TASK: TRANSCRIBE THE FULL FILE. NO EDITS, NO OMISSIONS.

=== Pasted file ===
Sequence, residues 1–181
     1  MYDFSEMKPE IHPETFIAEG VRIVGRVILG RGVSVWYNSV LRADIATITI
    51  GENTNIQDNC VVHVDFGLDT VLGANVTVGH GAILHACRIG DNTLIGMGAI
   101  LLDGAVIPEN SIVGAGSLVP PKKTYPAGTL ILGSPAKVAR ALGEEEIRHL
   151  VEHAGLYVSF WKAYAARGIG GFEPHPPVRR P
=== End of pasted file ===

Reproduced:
Sequence, residues 1–181
     1  MYDFSEMKPE IHPETFIAEG VRIVGRVILG RGVSVWYNSV LRADIATITI
    51  GENTNIQDNC VVHVDFGLDT VLGANVTVGH GAILHACRIG DNTLIGMGAI
   101  LLDGAVIPEN SIVGAGSLVP PKKTYPAGTL ILGSPAKVAR ALGEEEIRHL
   151  VEHAGLYVSF WKAYAARGIG GFEPHPPVRR P